Having turned into Dudley Park Road we may wonder what or where Dudley Park is. Well it seems that the name results from purchase of the land by William Dudley, a well-known Birmingham jeweller. He added Park to the road’s name to distinguish it from the town in the Black Country. Houses were built along the road from the junction with Sherborne Road, Station Road & Oxford Road to create Acocks Green’s own “Five Ways”. The nearby railway station on the GWR’s line from Paddington to Birmingham encouraged business people, and the well-to-do, living in Birmingham to move out to the suburb with its new rapid transport system. Consequently, many large houses were built in the area. However after Acocks Green, which was in Yardley, became part of Birmingham in 1911 many local authority houses were built in the area and many of the well-off started moving out. This gave Acocks Green the name “Snobs Green”.
Along Sherborne Road, which is on our left, you can find Arden Road. Arden Road was certainly in existence from 1840. Many large houses were built along here in Victorian & Edwardian times, but the most unusual feature of Arden Road is the fact that there is an oak tree in the middle of the carriageway.
But, back to the Outer Circle and Sherborne Road takes us north to the railway station, which opened on the 30th September 1852. It was originally named Acocks Green and not, as the London Illustrated News named it, Haycocks Green. In 1878 the station was renamed Acocks Green and South Yardley, and it reverted to its original name of Acocks Green on 6th May 1968. The two-track railway from 1852 was quadrupled in 1906 as the line became busier, and the station had four platforms. Since the 1960s the line reverted to two lines and one of the pairs of platforms was removed to provide space for a car park. Lifts were installed for passengers to access the platforms in 2014.
As we go over the railway bridge, the station building is on the right, and then we pass The Great Western pub. It was probably built in the early 20th century as the roads around here were laid out and filled with late Victorian terraced houses. The pub is still standing on the corner of The Avenue and surviving in these difficult times for suburban pubs.
At The Avenue the Outer Circle becomes Yardley Road which will take us on a ¾ mile journey to The Swan.
Dudley Park Road – c1950s
Dudley Park Road – August 2019
Looking along Sherborne Road from Dudley Park Road with the railway station in the distance. Oxford Road and Station Road are on the right – 1905.
Looking along Sherborne Road from Dudley Park Road with the railway station in the distance. Oxford Road and Station Road are on the right – August 2018.
The tithe map showing Arden Road & Warwick Road – 1840.
Arden Road with “The Tree” on the left and the cottages on the right – c1890.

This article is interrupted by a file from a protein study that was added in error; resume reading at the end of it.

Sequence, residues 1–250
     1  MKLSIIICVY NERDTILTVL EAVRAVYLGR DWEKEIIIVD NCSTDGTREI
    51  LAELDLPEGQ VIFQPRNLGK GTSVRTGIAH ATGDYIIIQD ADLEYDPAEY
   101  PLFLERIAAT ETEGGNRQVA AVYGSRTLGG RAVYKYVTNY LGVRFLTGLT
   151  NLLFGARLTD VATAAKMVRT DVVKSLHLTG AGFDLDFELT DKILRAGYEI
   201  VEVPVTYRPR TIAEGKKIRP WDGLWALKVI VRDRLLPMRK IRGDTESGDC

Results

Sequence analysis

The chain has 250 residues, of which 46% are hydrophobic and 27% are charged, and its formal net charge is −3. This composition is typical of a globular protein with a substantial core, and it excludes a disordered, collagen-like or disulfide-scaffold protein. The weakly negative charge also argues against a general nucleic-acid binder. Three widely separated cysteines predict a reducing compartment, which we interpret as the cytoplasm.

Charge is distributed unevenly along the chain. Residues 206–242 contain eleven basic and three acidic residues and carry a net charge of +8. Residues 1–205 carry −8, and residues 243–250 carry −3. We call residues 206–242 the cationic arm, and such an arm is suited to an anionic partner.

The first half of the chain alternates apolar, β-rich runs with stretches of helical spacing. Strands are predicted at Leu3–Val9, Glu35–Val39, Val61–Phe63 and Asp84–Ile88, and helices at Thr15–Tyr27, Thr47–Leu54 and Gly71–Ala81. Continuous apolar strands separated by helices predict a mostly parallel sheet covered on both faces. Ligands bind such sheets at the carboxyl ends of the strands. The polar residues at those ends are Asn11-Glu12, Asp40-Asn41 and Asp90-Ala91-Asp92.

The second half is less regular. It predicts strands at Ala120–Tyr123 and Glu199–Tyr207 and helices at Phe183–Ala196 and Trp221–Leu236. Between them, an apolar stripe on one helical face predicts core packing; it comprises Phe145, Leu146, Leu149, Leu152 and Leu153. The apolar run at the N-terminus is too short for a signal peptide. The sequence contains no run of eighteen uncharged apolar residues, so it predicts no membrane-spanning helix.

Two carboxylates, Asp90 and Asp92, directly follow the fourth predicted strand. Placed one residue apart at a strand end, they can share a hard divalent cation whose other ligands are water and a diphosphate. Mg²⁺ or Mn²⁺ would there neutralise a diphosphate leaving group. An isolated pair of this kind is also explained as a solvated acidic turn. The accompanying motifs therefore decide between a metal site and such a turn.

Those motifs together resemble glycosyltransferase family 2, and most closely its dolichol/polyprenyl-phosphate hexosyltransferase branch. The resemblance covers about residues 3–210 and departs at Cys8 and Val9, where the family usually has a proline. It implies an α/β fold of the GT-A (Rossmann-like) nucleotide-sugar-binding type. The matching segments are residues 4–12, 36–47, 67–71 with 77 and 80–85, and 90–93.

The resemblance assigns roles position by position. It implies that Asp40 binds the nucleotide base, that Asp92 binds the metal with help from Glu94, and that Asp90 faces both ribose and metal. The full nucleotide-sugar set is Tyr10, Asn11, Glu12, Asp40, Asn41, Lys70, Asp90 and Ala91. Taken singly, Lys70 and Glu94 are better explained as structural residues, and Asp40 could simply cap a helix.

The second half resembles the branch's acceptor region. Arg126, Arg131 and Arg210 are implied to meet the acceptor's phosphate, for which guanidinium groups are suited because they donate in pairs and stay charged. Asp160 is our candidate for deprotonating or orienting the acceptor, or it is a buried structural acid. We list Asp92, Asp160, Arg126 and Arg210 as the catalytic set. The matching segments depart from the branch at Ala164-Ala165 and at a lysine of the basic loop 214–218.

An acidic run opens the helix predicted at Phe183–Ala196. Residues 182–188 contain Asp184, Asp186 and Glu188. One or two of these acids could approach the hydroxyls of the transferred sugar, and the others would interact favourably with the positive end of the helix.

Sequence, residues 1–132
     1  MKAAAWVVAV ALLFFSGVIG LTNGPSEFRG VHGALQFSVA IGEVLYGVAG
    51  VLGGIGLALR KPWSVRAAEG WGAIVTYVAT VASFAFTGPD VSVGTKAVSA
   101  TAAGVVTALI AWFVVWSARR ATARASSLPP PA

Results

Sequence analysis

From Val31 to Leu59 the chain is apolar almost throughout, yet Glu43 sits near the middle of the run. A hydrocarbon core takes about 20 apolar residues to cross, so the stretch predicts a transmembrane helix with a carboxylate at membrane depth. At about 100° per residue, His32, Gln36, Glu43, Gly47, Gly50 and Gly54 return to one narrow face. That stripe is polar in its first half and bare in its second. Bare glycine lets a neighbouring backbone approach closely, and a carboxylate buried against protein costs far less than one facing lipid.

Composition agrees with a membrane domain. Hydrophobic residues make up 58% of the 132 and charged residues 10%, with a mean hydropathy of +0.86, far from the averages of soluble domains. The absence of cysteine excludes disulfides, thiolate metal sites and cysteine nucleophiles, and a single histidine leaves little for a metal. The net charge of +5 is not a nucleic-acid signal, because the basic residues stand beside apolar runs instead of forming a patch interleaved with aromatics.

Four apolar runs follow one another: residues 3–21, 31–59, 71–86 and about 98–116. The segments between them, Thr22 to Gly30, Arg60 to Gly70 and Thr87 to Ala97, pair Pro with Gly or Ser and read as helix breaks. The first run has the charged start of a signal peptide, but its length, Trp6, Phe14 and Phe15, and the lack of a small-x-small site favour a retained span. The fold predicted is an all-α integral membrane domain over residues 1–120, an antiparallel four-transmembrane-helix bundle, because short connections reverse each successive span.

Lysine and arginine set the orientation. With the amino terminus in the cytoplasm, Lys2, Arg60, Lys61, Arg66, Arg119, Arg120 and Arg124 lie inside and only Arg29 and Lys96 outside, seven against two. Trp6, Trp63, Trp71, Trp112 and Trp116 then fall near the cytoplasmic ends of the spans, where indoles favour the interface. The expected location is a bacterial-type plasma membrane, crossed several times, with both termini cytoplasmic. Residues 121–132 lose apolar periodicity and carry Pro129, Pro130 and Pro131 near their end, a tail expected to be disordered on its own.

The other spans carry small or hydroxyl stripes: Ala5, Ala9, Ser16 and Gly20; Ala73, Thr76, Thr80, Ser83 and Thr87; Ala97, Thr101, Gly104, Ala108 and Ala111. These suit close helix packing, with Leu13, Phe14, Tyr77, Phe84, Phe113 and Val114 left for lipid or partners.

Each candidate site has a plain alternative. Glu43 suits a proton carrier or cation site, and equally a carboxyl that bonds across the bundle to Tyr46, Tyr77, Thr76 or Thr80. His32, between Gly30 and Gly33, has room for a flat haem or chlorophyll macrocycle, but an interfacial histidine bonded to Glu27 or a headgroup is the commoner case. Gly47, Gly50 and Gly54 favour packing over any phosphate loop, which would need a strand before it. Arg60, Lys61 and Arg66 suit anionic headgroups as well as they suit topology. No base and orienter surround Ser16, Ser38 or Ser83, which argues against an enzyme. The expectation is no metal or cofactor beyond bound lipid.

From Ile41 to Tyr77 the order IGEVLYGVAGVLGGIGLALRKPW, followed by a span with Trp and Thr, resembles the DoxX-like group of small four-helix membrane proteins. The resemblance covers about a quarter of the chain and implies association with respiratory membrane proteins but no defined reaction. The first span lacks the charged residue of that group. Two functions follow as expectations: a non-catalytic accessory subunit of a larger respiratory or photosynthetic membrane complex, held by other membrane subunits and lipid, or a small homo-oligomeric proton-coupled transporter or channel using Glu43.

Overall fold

Arden Road with “The Tree” and cottages on the right, surrounded by more modern housing – c1910.
Arden Road c1930s.
Arden Road – the tree and the cottages hidden behind the leaves – 2008
Arden Road – March 2019, with the cottages on the left.
Arden Road – March 2019, with the cottages on the right.
Acocks Green Station shortly after opening. The entrances to the platforms were on the right. At this time there were only two lines and the station buildings were on the Birmingham-bound platform, nearest to the camera.
Looking up Sherborne Road towards Acocks Green Station with the new station building on the bridge after the quadrupling of the lines in 1906.
Outside Acocks Green Railway Station in Sherborne Road with an “Express Parcels” horse drawn cart and a horse drawn carriage awaiting the next train. Taken in the early 1900s.
Acocks Green Station entrance from Sherborne Road – March 2019.
This photograph of Acocks Green & South Yardley Station was taken before quadrupling in 1906, looking south with a Birmingham bound train approaching from the distance.
A pre-1906 postcard of Acocks Green station looking north towards the Sherborne Road bridge. There is probably a train expected soon on the Birmingham-bound platform as it looks very busy with folk dressed in their best clothes
This photograph was taken after quadrupling with 6017 ‘King Edward IV’ passing through Acocks Green station on the down main on 4th July 1959 with the 11-10am Paddington to Birkenhead train.
6025 ‘King Henry III’ passes through Acocks Green station with the 11-10am Paddington to Aberystwyth and Pwllheli ‘Cambrian Coast Express’ on 31st March 1962.
ex-GWR 2-6-0 locomotive 6349 passes north through Acocks Green and South Yardley Station in the 1950s
Acocks Green and South Yardley Station on 25 May 1957 with ex-GWR 2-6-2T 4108 hauling a local train from Moor Street to Leamington Spa. You can see the station buildings on the bridge in the distance.
5163 stands on the up relief line platform at Acocks Green and South Yardley with a Moor Street to Leamington service in 1957. The back of Great Western pub can be seen to the right of the right hand platform canopy.
Acocks Green Station – before the lifts were installed – 13 April, 2013
Acocks Green Station with the lift towers under construction – 4th September 2014
Looking from the station entrance after 1906 down Sherborne Road towards “Five Ways” and the Green.
Sherborne Road, Acocks Green in March 2017 from outside Acocks Green Station. The house on the right can be seen the the previous (1906) photograph.
Sherborne Road looking towards Acocks Green – The Great Western Hotel & GWR Station are both on the left – c1906.
The side entrance to the 1930s Great Western Hotel from The Avenue.
Great Western pub – Sherborne Road – Acocks Green – August 2017
Looking north along Yardley Road from the junction of The Avenue – 2019.